The 7 Most Underappreciated Sneakers of the 1990s

  • Nike Air Raid
    Nike Air Raid

    The Nike Air Raid was a shoe that was also on that undervalued list. Conceived by Nike design legend Tinker Hatfield, the outdoor basketball shoe featured wild colors with an even more radical cross-strap design. The “No Refs” and “No Wood” stitches on the heels, as well as instructions, reminded wearers that these were for “Outdoor Use Only.” Even with the backing of Spike Lee on the ad campaigns and the Tim Hardaway co-sign on the court, these shoes didn’t catch on as much as Nike probably would have thought it would. That said, they absolutely must be in any sneakerhead’s collection.

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  • Nike Air Max BW
    Nike Air Max BW

    One of the most slept on Air Maxs might be the BW, referring to its “Big Window” bubble, a model originally released in 1991. The runner doesn’t have as much popularity as its predecessor the Air Max 90, or even the ’95 and the ’97, but it has cemented itself years after its release. It also helps that graffiti artist Stash remixed the shoe with his own colors to make it even more popular. But the Persian Violet colorway is one people are still constantly looking for these days. Collectors might find it hard to believe they were on sale racks going for next to nothing at one point.

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  • Nike Air Carnivore
    Nike Air Carnivore

    Released in 1993, the Nike Air Carnivore was a shoe that you either loved or hated. Like the Air Raid, it also has a complex series of straps and a patterned midsole design. The shoe also lacked laces. It takes a special person to really appreciate the hybrid sock-type sneaker. The design might have freaked people out from wearing the shoe since it was way ahead of its time. If there were a true neck breaker that didn’t come with hype, these would be it.

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  • Airwalk Jim
    Airwalk Jim

    Nike and Reebok were dominating the sneaker market in the ‘90s. If you wore Airwalks, you might have been clowned for wearing skippies. But if these Airwalk Jims came out today, they would sell like hotcakes. There’s not much to the simple design, but the color and material stick out. The Alife Reebok Pumps might be more well known for its use of the tennis ball fur, but this shoe was way ahead in 1993 by using the neon fuzz fabric.

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  • Reebok ES 22
    Reebok ES 22

    Yes, Emmitt Smith had a signature sneaker, and it was called the Reebok ES 22. Released in 1997 for the Dallas Cowboys running back, the shoe featured the honeycombed Hexalite cushioning with a mid-cut silhouette. It basically looked like the Reebok Question on steroids. A signature shoe for a running back that could plow through anyone had to have the looks to match, right?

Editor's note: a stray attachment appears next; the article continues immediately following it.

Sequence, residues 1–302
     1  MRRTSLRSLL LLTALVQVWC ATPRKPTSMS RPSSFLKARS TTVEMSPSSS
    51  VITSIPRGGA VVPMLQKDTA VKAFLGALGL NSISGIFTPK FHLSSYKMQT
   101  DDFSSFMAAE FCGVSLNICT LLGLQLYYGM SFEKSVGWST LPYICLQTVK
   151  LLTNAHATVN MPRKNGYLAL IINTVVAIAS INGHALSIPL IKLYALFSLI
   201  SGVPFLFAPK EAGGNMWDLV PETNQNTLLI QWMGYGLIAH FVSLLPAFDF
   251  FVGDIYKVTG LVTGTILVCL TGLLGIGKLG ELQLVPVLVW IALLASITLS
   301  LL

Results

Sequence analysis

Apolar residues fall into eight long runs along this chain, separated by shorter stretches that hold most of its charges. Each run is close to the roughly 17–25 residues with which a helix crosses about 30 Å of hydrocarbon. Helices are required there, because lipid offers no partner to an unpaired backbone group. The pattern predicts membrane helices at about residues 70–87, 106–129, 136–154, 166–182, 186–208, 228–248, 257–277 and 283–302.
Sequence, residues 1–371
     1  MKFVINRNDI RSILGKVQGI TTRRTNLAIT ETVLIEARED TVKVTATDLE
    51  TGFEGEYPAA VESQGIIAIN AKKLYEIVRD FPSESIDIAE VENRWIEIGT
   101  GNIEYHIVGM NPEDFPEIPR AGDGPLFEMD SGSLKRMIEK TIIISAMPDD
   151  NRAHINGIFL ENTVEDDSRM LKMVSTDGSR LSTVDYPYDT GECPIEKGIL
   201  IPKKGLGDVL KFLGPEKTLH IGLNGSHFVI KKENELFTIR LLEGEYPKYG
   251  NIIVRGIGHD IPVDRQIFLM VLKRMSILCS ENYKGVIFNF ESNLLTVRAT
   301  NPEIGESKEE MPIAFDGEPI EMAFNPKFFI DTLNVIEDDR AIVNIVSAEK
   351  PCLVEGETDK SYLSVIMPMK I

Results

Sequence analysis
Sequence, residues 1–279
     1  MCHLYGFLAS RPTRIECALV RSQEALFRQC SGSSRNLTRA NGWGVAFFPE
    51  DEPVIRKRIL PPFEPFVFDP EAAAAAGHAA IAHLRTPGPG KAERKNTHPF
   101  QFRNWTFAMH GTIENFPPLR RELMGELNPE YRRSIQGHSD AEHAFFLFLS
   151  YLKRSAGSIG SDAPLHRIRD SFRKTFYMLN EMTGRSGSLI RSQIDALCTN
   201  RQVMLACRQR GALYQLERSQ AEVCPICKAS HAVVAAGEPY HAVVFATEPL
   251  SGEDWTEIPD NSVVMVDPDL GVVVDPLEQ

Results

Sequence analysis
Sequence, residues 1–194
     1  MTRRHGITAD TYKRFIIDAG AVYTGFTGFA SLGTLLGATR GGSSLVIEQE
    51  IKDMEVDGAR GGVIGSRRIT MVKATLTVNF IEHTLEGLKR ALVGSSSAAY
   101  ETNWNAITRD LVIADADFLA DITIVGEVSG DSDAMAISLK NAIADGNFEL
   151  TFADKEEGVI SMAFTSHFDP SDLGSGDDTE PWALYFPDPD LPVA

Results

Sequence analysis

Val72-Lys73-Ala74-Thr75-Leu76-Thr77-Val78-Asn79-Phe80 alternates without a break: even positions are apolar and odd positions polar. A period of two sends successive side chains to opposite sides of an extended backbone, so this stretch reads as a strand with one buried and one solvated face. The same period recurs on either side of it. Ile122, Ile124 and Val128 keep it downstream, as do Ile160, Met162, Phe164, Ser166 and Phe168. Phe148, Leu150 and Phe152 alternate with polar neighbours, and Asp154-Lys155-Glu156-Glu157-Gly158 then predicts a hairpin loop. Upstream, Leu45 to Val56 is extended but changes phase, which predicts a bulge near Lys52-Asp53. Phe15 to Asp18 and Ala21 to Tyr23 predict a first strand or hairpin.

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  • Nike Zoom Haven
    Zoom Haven

    Another shoe that came with multiple amounts of parts was the Zoom Haven. Born under Nike’s Alpha Project, it had an exoskeleton shell that made it unique. There were several amazing Co.JP colorways that were only released in Japan, but if you were lucky enough, some helpful soul could get you a pair. Or you could have scored some on eBay. The low profile cross trainer might not have won a wide number of fans, but the shoe has its hardcore followers.

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  • adidas Mutombo
    adidas Mutombo

    There was a bevy of athletes getting their own signature shoes back in the ‘90s. You can thank that mostly to the success happening with Nike and its Air Jordan line at the time. However, it’s easy to miss a signature shoe when it’s not from players like Michael Jordan, Charles Barkley or Penny Hardaway, just to name a few. One of the wildest kicks out of the ‘90s signature boom was the adidas Mutombo. Developed for eight-time All-Star center Dikembe Mutombo, the design of the shoe was inspired by his African heritage. It came with a shield on the tongue and Congo patterns on the upper. There was even a full line of apparel to match. Sleep on these next time they get retried? No, no, no!

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  • Nike Air Raid
  • Nike Air Max BW
  • Nike Air Carnivore
  • Airwalk Jim
  • Reebok ES 22
  • Nike Zoom Haven
  • adidas Mutombo

The ’90s were a great time for sneakers. Companies were releasing different models in various colorways. Professional athletes were getting blessed left and right with their own signature kicks. With so much being released, it was easy for pairs to fly past your radar undetected. Sometimes you just slept on a couple designs, but later realized how amazing the design was after the shoe was long gone from the clearance rack.

One of the most underrated kicks of the decade had to be the Nike Air Raid, which is releasing this Saturday at Champs Sports. With the “Peace” colorway release almost here, as well as the “Peace” colorway of the AF1, we take a look at other slept-on shoes of the ‘90s. Some shoes are just instant classics, others take a little bit of time to get to that level. These are the sneakers that fall in the latter part of the category. There are quite a few, and not all were Nikes. Good luck hunting a few of these down.

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